A Good Find?

After such a wonderful flea market mini haul on Saturday I’ve been on a bit of a sourcing high and I wondered if I would be brought back down to earth today at my neighborhood thrift store. (I don’t even bother taking a basket or cart anymore when I walk in anymore.)

And it was a typical thrifting experience…going round and round. Nothing quite good enough or priced too high. I was tempted by an olive green Sigrid Olsen leather purse at $26 and change, but the resale on these just isn’t strong enough. Here’s a similar one on Poshmark.

But even though it’s a tiny store as Goodwills go, I was determined to find something today…and I just might have. I spotted this carved wood tray on a bottom shelf. Hmmm…now this was rather intriguing, nicely done (all carved from one piece of wood) and in beautiful condition.

I was thinking it could be Southeast Asian. Maybe.

So I started researching online and I just wasn’t finding similar items at first. You know how it is. Then you tinker with different search words. Eventually I found some wood trays from Papua New Guinea that were so similar–from the shape of the bowl to the carving style to the small indents at the top and bottom of the bowl. Bingo!

Here’s a really fancy one inset with coral and mother of pearl.

Turns out these bowls were made in the Massim Trobriand Island area of Papua New Guinea. How cool is that?

Mine is likely 1960s/70s and definitely more simplistic, but handsome and would suit a mid-century modern or boho decor perfectly.

Listed and sold prices vary wildly (Sotheby’s auctions Massim pieces valued in the $$$$),
but I have listed this more humble one for a modest $90.

So I’m pleased. Not a bad little find.

I always try to balance my sourcing and business tasks with getting other things done. Today I started raking up leaves in our driveway and in the parking area in front of our house. A tedious, un-fun job, but it always looks so much better when I’m done. (And I do use some of our leaves as natural mulch…which is good for critters and the environment.)

Then I turned my attention to planting one of my Amistad friendship sages that I bought last week. My planting location is either going to be just dreadful or truly inspired! Even though I planted it under a tree and by a rock, I believe it will get enough sunlight and I love the idea of this sage growing big (up to 4+ feet tall) with its purple flowers looking fabulous against the white bark of the birch tree and spilling over and softening the rock…almost as though it self-seeded there. We’ll see if it works! (Hummingbirds love this plant.)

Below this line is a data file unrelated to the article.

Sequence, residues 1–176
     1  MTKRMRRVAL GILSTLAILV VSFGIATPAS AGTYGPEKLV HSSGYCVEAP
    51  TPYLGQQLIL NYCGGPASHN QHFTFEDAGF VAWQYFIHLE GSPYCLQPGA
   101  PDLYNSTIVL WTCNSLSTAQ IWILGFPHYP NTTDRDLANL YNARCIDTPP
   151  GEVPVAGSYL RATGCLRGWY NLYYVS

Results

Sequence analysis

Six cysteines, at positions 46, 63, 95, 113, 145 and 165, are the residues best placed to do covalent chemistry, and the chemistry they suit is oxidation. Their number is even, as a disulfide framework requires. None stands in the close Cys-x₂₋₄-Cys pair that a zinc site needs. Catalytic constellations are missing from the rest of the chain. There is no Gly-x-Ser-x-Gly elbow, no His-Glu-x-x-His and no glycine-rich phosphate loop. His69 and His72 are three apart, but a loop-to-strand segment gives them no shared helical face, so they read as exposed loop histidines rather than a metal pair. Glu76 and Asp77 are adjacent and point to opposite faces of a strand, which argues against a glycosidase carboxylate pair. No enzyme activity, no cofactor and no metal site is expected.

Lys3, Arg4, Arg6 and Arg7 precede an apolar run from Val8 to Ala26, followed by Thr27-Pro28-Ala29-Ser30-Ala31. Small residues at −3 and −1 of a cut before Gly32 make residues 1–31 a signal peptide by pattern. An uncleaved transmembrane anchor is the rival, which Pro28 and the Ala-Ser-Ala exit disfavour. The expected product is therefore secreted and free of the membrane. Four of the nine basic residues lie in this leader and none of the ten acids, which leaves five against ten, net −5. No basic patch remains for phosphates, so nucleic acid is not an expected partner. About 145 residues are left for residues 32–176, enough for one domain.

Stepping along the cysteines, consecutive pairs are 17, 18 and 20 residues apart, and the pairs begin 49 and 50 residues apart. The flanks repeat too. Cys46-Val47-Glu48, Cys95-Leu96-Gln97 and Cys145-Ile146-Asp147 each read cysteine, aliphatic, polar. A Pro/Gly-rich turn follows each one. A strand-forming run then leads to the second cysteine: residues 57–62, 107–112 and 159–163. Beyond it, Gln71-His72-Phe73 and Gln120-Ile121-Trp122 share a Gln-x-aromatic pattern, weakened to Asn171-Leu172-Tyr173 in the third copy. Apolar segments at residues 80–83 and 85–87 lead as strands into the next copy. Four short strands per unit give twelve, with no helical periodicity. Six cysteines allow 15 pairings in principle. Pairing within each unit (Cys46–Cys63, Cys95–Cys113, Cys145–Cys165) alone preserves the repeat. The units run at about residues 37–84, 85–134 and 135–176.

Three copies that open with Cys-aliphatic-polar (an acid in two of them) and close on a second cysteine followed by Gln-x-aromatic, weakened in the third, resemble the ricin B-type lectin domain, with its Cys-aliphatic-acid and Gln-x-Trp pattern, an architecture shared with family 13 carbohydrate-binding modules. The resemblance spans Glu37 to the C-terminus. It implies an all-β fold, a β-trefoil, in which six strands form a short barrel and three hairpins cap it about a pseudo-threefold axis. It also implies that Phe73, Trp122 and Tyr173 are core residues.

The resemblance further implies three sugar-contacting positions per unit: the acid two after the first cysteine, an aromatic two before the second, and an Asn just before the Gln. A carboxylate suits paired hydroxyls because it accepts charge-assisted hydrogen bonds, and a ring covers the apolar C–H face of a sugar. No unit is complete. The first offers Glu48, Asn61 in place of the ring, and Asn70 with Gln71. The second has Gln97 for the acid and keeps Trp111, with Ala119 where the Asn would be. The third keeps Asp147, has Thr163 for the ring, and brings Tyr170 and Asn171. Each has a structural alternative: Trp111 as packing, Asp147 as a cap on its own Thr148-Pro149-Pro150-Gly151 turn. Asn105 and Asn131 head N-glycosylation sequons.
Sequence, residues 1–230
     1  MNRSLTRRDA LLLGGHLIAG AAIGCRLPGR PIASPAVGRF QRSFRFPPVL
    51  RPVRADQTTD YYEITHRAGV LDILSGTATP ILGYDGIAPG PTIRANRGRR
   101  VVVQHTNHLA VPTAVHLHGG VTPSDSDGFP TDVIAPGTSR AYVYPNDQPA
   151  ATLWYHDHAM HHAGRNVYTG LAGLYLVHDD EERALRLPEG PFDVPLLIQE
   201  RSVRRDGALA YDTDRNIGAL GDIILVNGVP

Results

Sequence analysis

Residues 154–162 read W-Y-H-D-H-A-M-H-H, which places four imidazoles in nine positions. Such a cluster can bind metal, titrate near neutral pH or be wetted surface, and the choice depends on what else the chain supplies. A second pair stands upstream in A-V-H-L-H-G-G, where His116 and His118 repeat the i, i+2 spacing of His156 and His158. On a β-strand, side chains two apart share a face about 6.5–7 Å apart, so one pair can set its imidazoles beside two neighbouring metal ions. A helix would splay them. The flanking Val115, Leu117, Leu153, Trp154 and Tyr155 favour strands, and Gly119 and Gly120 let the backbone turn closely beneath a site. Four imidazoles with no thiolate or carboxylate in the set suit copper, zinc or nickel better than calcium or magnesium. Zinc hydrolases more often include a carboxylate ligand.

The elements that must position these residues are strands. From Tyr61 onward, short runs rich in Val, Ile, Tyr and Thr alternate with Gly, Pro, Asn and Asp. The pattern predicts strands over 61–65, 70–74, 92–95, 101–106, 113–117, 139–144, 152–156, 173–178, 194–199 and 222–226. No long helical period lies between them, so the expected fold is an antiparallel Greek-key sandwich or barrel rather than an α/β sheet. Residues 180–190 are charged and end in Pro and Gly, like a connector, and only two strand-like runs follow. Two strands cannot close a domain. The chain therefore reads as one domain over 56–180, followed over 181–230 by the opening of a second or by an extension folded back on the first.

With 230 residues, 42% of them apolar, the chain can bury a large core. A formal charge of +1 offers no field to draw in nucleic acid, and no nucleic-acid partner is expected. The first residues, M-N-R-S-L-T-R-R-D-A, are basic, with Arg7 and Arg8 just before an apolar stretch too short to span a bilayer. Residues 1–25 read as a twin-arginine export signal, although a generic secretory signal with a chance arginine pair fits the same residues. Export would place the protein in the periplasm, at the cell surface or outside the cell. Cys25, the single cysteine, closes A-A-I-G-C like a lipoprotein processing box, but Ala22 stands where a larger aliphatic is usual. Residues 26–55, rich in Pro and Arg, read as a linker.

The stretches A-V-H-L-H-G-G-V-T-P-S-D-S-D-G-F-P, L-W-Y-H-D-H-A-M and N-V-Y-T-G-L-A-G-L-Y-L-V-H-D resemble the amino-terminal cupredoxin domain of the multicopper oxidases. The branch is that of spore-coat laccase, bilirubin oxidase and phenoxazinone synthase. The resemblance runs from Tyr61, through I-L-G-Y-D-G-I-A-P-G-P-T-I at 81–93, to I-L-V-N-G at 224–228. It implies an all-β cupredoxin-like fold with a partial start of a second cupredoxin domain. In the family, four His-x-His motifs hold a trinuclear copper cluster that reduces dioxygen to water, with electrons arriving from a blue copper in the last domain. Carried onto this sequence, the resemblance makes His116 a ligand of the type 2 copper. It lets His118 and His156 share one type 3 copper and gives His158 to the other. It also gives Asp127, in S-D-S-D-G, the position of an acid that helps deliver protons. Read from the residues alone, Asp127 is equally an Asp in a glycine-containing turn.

My shasta daisies on the other side of the tree (that tangle of plants) need serious pruning!
Once I prune them they’ll bloom again this year.

Here’s what the friendship sage looks like when it’s big….

Photo courtesy of Annies’ Annuals & Perennials.

What I am trying to achieve is a wild cottage garden look, though with the drought and water restrictions I can’t do the garden I want. Not anymore. That’s the reality these days.

One thing I’ll always do is keep my bird bath filled. It’s a busy spot and I’m happy to provide this service for our feathered friends. A few weeks ago I spotted a bird I’d never seen before. He’s been back several times and I finally figured out it’s a Pinyon Jay. We do not live in his normal territory. Curious.

Photo courtesy of Audubon Society.

Well, I’ve been rambling, so I’ll close for now.

Wishing you happy hunting in your neck of the woods,


P.S. I have a number of things on sale in my Etsy store.

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